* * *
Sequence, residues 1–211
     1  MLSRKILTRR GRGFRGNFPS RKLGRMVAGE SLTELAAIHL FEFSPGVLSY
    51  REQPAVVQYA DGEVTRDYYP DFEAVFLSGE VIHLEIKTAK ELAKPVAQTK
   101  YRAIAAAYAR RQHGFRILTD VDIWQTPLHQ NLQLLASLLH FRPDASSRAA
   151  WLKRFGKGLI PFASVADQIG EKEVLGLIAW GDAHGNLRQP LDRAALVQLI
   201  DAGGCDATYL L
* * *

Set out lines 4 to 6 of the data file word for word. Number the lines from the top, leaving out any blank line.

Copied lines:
   101  YRAIAAAYAR RQHGFRILTD VDIWQTPLHQ NLQLLASLLH FRPDASSRAA
   151  WLKRFGKGLI PFASVADQIG EKEVLGLIAW GDAHGNLRQP LDRAALVQLI
   201  DAGGCDATYL L